18 Responses to “Ballons & Borders – Episode 5”

  1. Brannagh Waslh April 14, 2014 at 12:26 am #

    I’m just wondering what that thing is called you draw on. Not the Wacom tablet the thing that you use pencil and paper on. If you could answer it would be much appreciated.

    • Palle Schmidt April 14, 2014 at 7:58 am #

      Hi Branagh,

      Not sure I know what you mean by what I use to draw with pen and paper on… The lightbox? The table?

      I use mainly Photoshop for coloring and adjustments to the art. For lettering and borders I use InDesign.

      Hope this answers your question. If not, please write again.

      – Palle

  2. Brannagh Waslh April 14, 2014 at 12:35 am #

    Also what program do you use

  3. Line Gregersen April 30, 2014 at 8:38 pm #

    The only thing this webside needs is a “next video” button 😉

  4. Tammy May 20, 2014 at 10:48 pm #

    I am really enjoying these videos, and am finding them very helpful. I have one question about this one though. You said to put the speech balloons above the drawing / sketch of the character, why is it wrong to put it below? Sometimes that seems to be the only place it fits when I’m drawing it out otherwise I’ll end up with way too much speech at the top. So is this an absolute rule that you should never place it below?

    • Tammy May 20, 2014 at 11:02 pm #

      I suppose I should have paid more attention before commenting. I re-watched the video and seen that you suggested to put the speech balloon in the open areas which is ‘usually’ toward the top, so I’m assuming it is OK to put it down below the character if it’s needed. Or am I still not understanding it correctly?

      • Palle Schmidt May 24, 2014 at 3:27 pm #

        Hey Tammy, you are absolutely correct 🙂 The preferred place to put the balloons is above, but what’s important is the reading order. You could try tracing the page with just frames and balloons, see if it makes sense. If the reading order is clear even without the art, you’re good!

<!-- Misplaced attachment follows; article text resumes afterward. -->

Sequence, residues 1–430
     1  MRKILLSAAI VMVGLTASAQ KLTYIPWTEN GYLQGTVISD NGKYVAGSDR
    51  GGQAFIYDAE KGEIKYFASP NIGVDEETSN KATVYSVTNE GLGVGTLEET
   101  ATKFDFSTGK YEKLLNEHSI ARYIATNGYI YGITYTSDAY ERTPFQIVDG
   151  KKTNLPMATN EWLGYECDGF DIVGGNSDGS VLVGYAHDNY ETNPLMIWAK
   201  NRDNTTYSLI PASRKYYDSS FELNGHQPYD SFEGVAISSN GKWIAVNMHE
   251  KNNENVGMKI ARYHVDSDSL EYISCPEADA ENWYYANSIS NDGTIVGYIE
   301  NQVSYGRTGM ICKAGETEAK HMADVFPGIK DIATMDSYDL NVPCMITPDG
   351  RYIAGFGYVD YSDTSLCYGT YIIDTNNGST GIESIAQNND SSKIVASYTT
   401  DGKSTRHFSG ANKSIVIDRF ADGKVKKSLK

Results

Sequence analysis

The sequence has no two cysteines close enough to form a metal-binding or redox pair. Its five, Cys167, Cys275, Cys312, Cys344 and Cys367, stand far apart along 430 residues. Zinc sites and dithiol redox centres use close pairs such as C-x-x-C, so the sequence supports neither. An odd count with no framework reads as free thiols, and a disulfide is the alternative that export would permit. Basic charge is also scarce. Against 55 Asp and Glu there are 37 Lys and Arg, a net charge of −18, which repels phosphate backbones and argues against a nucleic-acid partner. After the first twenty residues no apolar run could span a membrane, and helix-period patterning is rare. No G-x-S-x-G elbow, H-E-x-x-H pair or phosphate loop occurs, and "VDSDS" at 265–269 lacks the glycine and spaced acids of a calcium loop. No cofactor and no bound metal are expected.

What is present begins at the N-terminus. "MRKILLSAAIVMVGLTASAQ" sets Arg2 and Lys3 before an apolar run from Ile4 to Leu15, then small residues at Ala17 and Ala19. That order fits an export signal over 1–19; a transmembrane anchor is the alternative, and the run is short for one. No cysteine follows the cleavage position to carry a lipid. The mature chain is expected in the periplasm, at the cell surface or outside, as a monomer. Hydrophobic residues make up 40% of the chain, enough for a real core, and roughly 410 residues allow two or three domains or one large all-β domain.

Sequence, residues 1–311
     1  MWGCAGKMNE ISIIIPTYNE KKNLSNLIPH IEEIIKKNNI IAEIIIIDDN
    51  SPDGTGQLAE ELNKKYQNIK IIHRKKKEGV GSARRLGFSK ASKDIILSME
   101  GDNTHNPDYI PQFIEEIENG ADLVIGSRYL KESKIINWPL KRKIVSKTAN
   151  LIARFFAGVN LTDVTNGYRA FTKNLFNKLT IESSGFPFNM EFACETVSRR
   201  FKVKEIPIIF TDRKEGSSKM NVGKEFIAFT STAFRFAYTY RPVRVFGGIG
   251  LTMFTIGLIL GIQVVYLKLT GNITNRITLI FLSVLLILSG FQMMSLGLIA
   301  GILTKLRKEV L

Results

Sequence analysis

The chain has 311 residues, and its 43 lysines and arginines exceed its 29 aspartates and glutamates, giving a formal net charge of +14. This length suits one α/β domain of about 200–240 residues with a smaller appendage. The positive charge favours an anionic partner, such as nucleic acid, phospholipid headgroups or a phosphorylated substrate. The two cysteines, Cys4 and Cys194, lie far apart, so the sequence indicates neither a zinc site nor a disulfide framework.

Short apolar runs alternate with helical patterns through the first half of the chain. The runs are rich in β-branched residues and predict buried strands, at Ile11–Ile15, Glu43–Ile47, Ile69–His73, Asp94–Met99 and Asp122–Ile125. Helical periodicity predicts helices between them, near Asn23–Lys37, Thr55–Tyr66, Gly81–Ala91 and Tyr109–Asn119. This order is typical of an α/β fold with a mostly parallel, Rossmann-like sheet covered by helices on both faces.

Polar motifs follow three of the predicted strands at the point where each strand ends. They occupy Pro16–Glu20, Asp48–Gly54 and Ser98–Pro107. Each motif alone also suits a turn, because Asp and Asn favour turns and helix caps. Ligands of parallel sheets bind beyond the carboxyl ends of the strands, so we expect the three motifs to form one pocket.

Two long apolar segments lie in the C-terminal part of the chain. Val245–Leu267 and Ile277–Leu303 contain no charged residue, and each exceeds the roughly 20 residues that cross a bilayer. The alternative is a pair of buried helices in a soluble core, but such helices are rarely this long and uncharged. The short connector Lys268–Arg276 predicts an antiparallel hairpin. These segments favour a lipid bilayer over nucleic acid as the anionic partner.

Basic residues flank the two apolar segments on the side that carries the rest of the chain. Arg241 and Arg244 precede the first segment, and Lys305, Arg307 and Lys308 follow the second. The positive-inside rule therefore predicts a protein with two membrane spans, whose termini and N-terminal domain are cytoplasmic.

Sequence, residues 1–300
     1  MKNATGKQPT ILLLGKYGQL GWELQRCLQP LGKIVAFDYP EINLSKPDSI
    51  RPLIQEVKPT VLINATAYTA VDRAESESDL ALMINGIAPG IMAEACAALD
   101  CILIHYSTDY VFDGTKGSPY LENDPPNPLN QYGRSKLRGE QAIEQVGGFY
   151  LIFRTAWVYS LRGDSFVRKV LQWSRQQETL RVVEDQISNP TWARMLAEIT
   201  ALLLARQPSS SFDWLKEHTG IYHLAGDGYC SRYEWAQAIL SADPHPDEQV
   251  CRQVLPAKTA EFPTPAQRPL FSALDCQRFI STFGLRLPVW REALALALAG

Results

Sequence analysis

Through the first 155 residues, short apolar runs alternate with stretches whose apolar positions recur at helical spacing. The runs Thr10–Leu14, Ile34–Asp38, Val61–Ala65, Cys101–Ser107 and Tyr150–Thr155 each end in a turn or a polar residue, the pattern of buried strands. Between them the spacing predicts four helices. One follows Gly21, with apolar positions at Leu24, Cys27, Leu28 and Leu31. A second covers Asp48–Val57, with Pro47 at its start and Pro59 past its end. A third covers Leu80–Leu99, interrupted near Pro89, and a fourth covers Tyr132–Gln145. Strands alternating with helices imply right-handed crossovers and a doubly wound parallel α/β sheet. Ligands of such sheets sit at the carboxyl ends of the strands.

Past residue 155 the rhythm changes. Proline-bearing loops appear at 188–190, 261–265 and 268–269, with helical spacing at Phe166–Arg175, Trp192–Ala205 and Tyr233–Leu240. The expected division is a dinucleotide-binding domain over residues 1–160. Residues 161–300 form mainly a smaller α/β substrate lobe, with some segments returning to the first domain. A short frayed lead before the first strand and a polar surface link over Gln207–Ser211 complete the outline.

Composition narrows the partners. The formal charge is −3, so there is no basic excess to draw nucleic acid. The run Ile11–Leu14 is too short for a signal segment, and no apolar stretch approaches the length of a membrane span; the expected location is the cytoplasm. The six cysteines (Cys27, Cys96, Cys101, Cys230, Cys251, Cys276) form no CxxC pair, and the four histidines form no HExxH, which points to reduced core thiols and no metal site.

Thanks for asking, hope the answer was helpful.

  5. Jamie Sims November 28, 2014 at 5:05 pm #

    Hi Palle. Thanks for these videos, they are really helpful.
    Can you tell me if there is a reason most comic dialogue is all in CAPS? One of my favourites (Saga) is not all caps, but it’s the only one I’ve seen. Do you feel there’s any benefit either way?
    Also, what about font sizing? Does it need to be consistent?

    • Palle Schmidt November 28, 2014 at 8:25 pm #

      Ouch, you got me there, Jamie! I’m afraid I have no idea why comics fonts are in all caps. My guess is caps are more readable when written by hand (which is how it used to be done).

      As to your question on consistency, I do think you should keep it all the same font and font size, except for effect – screaming and whispering springs to mind. Some letterers even do special fonts for some characters to make them stand out. But excessive variation can tend to be annoying.

      Glad you like the videos – thanks for signing up!

      • Palle Schmidt November 28, 2014 at 8:27 pm #

        PS: I call it “texting” in the video. I believe the correct word is “lettering”. My bad.

  6. leandro December 8, 2015 at 12:14 pm #

    Hi Palle,

    you’re doing a grat job with these videos!